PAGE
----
May 2011, Volume 53 Issue 5, Pages 338ĘC408.

Cover Caption: The Arabidopsis Seed Coat
About the cover: Seed mucilage, consisting of carbohydrate-based pectin, is synthesized by seed epidermal cells, and deposited beneath the outer cell wall. The surface of dry seeds shows volcano-like individual epidermal cells (cover photo courtesy of Courtney Hollender). In page 399ĘD408 of this issue, Bui et al. identified transcriptional co-repressor LEUNIG_HOMOLOG (LUH) as a regulator of seed mucilage extrusion. In luh mutants, the mucilage fails to break out, possibly due to altered mucilage modifications.


          Cell and Developmental Biology
Genetic Analysis of Two Weak Dormancy Mutants Derived from Strong Seed Dormancy Wild Type Rice N22 (Oryza sativa)  
Author: Bingyue Lu, Kun Xie, Chunyan Yang, Long Zhang, Tao Wu, Xi Liu, Ling Jiang and Jianmin Wan
Journal of Integrative Plant Biology 2011 53(5): 338-346
Published Online: March 21, 2011
DOI: 10.1111/j.1744-7909.2011.01038.x

Two weak dormancy mutants, designated Q4359 and Q4646, were obtained from the rice cultivar N22 after treatment with 400 Gy 60Co gamma-radiation. Compared to the N22 cultivar, the dormancy of the mutant seeds was more readily broken when exposed to a period of room temperature storage. The mutants also showed a reduced level of sensitivity to abscisic acid compared to the N22 cultivar, although Q4359 was more insensitive than Q4646. A genetic analysis indicated that in both mutants, the reduced dormancy trait was caused by a single recessive allele of a nuclear gene, but that the mutated locus was different in each case. The results of quantitative trait locus (QTL) mapping, based on the F2 population from Q4359 x Nanjing35, suggested that Q4359 lacks the QTL qSdn-1 and carries a novel allele at QTL qSdn-9, while a similar analysis of the Q4646 x Nanjing35 F2 population suggested that Q4646 lacks QTL qSdn-5, both qSdn-1 and qSdn-5 are major effect seed dormancy QTL in N22. Therefore, these two mutants were helpful to understand the mechanism of seed dormancy in N22.

Lu B, Xie K, Yang C, Zhang L, Wu T, Liu X, Jiang L, Wan J (2011) Genetic analysis of two weak dormancy mutants derived from strong seed dormancy wild type rice N22 (Oryza sativa). J. Integr. Plant Biol. 53(5), 338–346.

Abstract (Browse 2789)  |  References  |  Full Text HTML  |  Full Text PDF  |  Cited By       
          Metabolism and Biochemistry
Characterization of a Novel Annexin Gene from Cotton (Gossypium hirsutum cv CRI 35) and Antioxidative Role of its Recombinant Protein
Author: Lu Zhou, Jin Duan, Xiao-Ming Wang, Heng-Mu Zhang, Ming-Xing Duan and Jin-Yuan Liu
Journal of Integrative Plant Biology 2011 53(5): 347-357
Published Online: February 23, 2011
DOI: 10.1111/j.1744-7909.2011.01034.x

Plant annexins represent a multigene family involved in cellular elongation and development. A cDNA encoding a novel annexin was isolated from a cotton (Gossypium hirsutum) fiber cDNA library and designated GhAnx1. This gene encodes a 316 amino acid protein with a theoretical molecular mass of 36.06 kDa and a theoretical pI of 6.19. At the amino acid level, it shares high sequence similarity and has evolutionary relationships with annexins from higher plants. The purified recombinant protein expressed in Escherichia coli was used to investigate its physicochemical properties. Circular dichroism spectrum analyses showed a positive peak rising to the maximum at 196 nm and a broad negative band rounding 215 nm, suggesting that the GhAnx1 protein was prominently α-helical. The fluorescence measurements indicated that it could bind to Ca2+in vitro. These results demonstrated that GhAnx1 was a typical annexin protein in cotton. A bioassay experiment was conducted to analyze its potential function and showed that E. coli cells expressing GhAnx1 were protected from tert-butyl hydroperoxide (tBH) stress, suggesting that it had a potential antioxidative role. Northern blot analyses revealed that GhAnx1 was highly expressed in fibers, especially during the elongation stage, suggesting that it might be important for fiber elongation.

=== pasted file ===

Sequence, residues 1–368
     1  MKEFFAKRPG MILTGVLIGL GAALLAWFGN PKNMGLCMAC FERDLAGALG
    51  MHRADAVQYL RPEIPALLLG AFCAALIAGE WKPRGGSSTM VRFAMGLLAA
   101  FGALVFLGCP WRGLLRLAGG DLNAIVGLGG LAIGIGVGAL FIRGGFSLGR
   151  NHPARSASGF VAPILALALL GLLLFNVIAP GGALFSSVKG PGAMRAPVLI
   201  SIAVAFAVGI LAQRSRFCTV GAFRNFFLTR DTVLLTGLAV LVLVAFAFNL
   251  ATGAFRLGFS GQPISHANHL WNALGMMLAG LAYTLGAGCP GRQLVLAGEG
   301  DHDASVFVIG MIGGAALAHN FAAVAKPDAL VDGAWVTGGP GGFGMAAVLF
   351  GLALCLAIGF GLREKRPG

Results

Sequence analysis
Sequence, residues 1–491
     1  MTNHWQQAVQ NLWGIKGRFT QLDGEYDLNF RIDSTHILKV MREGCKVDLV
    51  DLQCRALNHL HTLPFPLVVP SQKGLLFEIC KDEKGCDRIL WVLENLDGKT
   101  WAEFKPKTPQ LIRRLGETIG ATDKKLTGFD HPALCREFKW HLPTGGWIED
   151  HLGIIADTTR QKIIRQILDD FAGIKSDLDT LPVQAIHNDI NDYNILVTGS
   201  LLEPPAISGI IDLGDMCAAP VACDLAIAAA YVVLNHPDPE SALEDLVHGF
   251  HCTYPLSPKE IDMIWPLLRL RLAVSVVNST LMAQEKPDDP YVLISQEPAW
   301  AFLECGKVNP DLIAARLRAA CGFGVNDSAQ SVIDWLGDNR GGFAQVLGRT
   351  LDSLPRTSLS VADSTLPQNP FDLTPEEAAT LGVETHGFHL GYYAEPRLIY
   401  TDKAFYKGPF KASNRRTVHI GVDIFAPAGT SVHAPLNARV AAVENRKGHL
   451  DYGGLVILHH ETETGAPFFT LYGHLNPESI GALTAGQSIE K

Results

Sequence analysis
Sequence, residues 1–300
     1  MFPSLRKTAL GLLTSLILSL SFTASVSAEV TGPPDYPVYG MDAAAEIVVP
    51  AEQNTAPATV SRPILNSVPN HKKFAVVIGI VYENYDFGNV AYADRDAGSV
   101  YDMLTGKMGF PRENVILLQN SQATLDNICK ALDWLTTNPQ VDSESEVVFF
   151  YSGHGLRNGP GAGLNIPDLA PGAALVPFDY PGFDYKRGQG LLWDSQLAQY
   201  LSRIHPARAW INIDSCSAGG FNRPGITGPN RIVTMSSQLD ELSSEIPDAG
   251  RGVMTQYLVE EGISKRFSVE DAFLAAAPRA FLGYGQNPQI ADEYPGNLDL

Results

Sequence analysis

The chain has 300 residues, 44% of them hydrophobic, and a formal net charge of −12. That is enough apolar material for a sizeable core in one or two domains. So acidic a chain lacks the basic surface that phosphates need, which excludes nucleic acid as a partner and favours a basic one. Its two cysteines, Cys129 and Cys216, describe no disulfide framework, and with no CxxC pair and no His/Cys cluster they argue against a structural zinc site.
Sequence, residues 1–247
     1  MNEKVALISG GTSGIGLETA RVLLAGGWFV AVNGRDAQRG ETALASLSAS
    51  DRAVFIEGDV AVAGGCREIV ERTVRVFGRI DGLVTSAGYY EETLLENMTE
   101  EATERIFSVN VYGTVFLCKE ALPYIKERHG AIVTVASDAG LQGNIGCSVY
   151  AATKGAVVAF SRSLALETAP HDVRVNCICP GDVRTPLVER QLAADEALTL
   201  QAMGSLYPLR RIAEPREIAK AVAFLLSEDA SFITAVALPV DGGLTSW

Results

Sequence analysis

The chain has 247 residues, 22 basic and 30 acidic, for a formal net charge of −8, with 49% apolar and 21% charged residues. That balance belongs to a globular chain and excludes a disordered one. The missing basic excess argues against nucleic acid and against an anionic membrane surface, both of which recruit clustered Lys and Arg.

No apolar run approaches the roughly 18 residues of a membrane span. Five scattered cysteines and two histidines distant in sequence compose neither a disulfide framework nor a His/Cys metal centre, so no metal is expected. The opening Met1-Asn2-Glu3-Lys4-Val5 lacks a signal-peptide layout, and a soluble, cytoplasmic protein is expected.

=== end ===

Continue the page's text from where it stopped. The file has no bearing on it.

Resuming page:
Zhou L, Duan J, Wang XM, Zhang HM, Duan MX, Liu JY (2011) Characterization of a novel annexin gene from cotton (Gossypium hirsutum cv CRI 35) and antioxidative role of its recombinant protein. J. Integr. Plant Biol. 53(5), 347–357.

Abstract (Browse 1729)  |  References  |  Full Text HTML  |  Full Text PDF  |  Cited By       
          Plant-environmental Interactions
Microarray Expression Profiling of Postharvest Ponkan Mandarin (Citrus reticulata) Fruit under Cold Storage Reveals Regulatory Gene Candidates and Implications on Soluble Sugars Metabolism
Author: Andan Zhu, Wenyun Li, Junli Ye, Xiaohua Sun, Yuduan Ding, Yunjiang Cheng and Xiuxin Deng
Journal of Integrative Plant Biology 2011 53(5): 358-374
Published Online: February 23, 2011
DOI: 10.1111/j.1744-7909.2011.01035.x

Low temperature storage is widely applied to maintain citrus postharvest fruit quality. In this study, the transcriptional and metabolic changes in the pulp tissue of Citrus reticulata Blanco cv. “Ponkan” were studied for three successive months under cold storage by Affymetrix Citrus GeneChip and gas chromatography, respectively. As many as 2 161 differentially expressed transcripts were identified based on the bayesian hierarchical model. The statistical analysis of gene ontology revealed that defense/stress-related genes were induced quickly, while autophagy-related genes were overrepresented in the late sampling stages, suggesting that the functional shift may coincide with the subsequent steps of chilling development. We further classified the potential regulatory components and concluded that ethylene may play the crucial role in chilling development in this non-climacteric fruit. To cope with complex events, 53 upregulated transcription factors represented regulatory candidates. Within these, the AP2-EREBP, C2H2 and AS2 gene family were overrepresented. Cold storage also causes alterations in various metabolic pathways; a keen interest is paid in deciphering expression changes of soluble sugar genes as increased evidence that soluble sugars act as both osmolytes and metabolite signal molecules. Our results will likely facilitate further studies in this field with promising genetic candidates during chilling.